The Critical Atlas of the Internet (2016)
Critical Atlas of the Internet is Louise Druhle, realized as part of her degree at ENSAD. He proposes to approach the question of the representation of the Internet in 15 themes and questions. For each question, Druhle drew a set of diagrams or 3D models, accompanied by quotes often from books discussing our relationship to the Internet. Designed as a website, the navigation offers a long scrolling vertical scroll to read question by question. Taking the multiple sizes and dimensions of our screens, the atlas has been printed in different sizes thanks to a suite of open-source tools "web to print" which allows to convert a web page into PDF.
Le dessous des cartes
Le dessous des cartes (1990-now) - ARTE / The Seven (site)
Le dessous des cartes is a French public educational program created by the geographer Jean-Christophe Victor in 1990. Each program lasting from 7 to 11 minutes follows the same format: presentation by the moderator of the topic of the day, a demonstration based on maps, figures or animation accompanied by voice-overs, then the end of the presenter. The program, which has been successful for the past 30 years, is based on rigorous cartographic representations and deals with often local topics (continents, regions or countries).
Atlas do Brasil (2008)
The Atlas do Brasil shows how dynamics can be extrapolated into basic shapes that informs our representations of a territory. Extensive cartography are used to observe and identify spatial structures and their derivatives. The methodology is explained in details in this paper (in French).
The Atlas of Economic Complexity (2011)
The Atlas of Economic Complexity (2011) - Hausmann et al http://atlas.cid.harvard.edu
The Atlas of Economic Complexity is a work of Harvard researchers and MIT Media Lab that aims to explore economic relations between 128 countries according to a set of data and statistics on trade. The atlas provides for each country a detailed statistical sheet on its trade relations with other countries, as well as numerous maps and diagrams representing global trade. Published in 2011 in the form of a book, the atlas was nonetheless conceived as a web application for querying a central database and displaying graphs. Analyzes were then produced country by country before being compiled in the final book.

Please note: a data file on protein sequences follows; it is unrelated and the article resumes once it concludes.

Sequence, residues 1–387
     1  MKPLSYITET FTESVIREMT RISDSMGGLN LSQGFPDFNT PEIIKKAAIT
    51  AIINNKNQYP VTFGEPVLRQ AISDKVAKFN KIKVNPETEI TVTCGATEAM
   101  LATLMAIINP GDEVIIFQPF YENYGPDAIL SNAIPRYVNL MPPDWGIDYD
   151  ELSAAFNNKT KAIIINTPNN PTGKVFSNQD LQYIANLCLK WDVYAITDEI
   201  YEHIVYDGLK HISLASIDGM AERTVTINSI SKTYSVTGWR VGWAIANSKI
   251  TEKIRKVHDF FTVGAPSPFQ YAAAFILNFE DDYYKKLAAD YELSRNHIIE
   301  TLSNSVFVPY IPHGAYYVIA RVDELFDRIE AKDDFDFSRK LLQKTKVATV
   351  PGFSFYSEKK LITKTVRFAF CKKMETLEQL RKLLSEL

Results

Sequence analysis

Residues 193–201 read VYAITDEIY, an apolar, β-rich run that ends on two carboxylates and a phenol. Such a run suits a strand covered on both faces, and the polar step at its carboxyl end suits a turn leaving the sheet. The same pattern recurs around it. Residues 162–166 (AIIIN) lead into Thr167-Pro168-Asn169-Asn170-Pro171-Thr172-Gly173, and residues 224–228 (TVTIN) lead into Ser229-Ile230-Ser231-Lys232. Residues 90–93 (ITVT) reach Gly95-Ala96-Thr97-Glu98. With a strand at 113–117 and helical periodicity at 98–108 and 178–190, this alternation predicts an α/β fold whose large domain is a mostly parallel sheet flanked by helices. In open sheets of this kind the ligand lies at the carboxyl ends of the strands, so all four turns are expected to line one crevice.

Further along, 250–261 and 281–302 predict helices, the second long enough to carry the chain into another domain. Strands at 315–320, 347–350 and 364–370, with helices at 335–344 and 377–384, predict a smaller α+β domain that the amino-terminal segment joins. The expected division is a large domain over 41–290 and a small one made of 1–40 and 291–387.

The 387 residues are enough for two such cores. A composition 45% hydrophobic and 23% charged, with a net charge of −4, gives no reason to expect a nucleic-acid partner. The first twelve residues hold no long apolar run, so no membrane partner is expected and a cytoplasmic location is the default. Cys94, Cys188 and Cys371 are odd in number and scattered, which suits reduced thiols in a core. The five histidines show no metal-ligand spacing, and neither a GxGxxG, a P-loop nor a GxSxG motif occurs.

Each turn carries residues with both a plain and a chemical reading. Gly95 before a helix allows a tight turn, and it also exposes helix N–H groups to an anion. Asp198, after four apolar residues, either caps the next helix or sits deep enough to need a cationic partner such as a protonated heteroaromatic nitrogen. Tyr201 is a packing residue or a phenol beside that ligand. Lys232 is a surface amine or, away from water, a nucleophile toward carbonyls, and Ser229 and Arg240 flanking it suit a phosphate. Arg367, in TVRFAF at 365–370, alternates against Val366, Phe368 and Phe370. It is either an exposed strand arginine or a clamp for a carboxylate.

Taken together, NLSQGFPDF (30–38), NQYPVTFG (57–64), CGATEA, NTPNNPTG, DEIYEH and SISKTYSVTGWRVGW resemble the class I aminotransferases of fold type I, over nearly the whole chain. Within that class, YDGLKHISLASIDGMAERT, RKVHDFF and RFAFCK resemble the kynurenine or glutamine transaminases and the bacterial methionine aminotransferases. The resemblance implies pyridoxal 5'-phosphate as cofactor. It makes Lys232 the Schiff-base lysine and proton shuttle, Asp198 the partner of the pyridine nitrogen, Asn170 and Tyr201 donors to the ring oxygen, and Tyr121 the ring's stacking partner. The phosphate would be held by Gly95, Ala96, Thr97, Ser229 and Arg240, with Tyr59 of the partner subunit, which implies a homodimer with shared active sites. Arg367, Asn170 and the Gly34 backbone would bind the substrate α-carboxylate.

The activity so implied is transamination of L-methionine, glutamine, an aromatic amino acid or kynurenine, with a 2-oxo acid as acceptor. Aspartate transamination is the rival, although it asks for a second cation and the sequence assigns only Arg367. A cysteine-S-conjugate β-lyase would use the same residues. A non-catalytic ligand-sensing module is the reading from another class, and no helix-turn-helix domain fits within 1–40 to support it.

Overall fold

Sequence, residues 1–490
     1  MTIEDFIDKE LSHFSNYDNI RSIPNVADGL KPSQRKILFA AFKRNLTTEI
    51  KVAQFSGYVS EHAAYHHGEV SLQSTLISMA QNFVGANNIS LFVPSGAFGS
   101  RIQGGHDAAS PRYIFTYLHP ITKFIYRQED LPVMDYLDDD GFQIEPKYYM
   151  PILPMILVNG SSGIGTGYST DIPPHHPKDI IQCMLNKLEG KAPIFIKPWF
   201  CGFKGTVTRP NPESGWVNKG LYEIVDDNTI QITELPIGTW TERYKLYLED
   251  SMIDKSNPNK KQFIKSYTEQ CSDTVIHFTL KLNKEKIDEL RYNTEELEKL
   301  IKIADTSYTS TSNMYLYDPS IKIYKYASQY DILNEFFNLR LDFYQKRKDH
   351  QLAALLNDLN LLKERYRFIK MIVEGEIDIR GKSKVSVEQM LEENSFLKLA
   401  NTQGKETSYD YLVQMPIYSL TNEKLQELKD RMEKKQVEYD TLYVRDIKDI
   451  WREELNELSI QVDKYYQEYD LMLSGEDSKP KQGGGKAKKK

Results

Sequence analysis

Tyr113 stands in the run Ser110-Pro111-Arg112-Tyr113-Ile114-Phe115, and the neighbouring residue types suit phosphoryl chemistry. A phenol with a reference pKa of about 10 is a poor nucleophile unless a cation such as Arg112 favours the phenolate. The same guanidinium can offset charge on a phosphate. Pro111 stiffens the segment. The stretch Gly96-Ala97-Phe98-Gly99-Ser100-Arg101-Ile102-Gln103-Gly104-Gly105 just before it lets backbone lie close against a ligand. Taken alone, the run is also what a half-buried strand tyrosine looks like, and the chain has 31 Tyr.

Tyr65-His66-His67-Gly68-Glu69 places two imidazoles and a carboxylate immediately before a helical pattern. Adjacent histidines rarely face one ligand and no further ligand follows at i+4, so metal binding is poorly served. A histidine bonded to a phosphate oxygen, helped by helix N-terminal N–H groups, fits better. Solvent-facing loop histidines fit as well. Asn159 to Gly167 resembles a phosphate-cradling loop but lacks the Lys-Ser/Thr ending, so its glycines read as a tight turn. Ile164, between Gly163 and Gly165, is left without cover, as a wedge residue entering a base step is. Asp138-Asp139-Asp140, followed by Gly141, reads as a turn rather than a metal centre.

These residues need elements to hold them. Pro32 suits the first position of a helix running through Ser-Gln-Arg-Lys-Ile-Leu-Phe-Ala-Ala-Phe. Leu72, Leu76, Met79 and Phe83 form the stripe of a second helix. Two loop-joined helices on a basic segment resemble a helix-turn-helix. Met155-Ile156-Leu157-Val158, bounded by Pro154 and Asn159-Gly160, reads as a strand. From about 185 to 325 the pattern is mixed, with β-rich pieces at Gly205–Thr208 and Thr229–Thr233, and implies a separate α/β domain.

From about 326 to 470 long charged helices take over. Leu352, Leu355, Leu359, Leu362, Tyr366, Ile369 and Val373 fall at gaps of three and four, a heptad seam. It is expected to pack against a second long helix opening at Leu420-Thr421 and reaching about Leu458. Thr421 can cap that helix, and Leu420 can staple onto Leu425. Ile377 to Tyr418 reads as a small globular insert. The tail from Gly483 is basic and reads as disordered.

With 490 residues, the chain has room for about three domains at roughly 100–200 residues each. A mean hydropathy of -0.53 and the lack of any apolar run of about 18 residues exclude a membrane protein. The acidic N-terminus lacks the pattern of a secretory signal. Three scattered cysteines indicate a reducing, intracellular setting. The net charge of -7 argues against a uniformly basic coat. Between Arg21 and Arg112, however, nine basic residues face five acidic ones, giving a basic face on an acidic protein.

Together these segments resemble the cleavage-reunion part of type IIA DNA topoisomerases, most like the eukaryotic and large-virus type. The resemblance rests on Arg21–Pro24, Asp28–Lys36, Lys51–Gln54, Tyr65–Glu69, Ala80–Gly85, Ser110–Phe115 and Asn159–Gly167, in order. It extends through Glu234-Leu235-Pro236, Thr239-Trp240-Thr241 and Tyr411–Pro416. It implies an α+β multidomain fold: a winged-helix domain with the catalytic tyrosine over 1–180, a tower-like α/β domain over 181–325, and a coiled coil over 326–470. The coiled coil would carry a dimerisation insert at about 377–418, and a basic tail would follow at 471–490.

Our World in Data (2016-now)
Our World in Data (2016-now) - Max Roser https://ourworldindata.org
Our World in Data is an online publication by economist and historian Max Roser of Oxford University who wishes to present empirical evidence of changing living conditions in the world. The project is interested in documenting the implications of economic development around the world. Different analyzes are performed or commissioned to subject-by-subject specialists to cover a wide range of issues. All the data is available for download and the figures are freely licensed so that they can be easily re-used.
Cover credits : Adam Reeder4
Thomas, Gaëtan. "Atlas, Or The Problem of the Scientific Imagination." Nonfiction.fr, October 23, 2012. https://www.nonfiction.fr/article-6165-atlas_ou_le_le_probleme_de_limagination_scientifique.htm. ↩
Didi-Huberman, Georges. Atlas ou le gai savoir inquiet: L’œil de l’histoire 3, Paris : Les Éditions de Minuit, coll. “Paradoxe”, 2011. 384 p. ↩
Castro, Teresa. Cartographic Thinking Images. Cinema and Visual Culture, Lyon, Aléas, 2011. ↩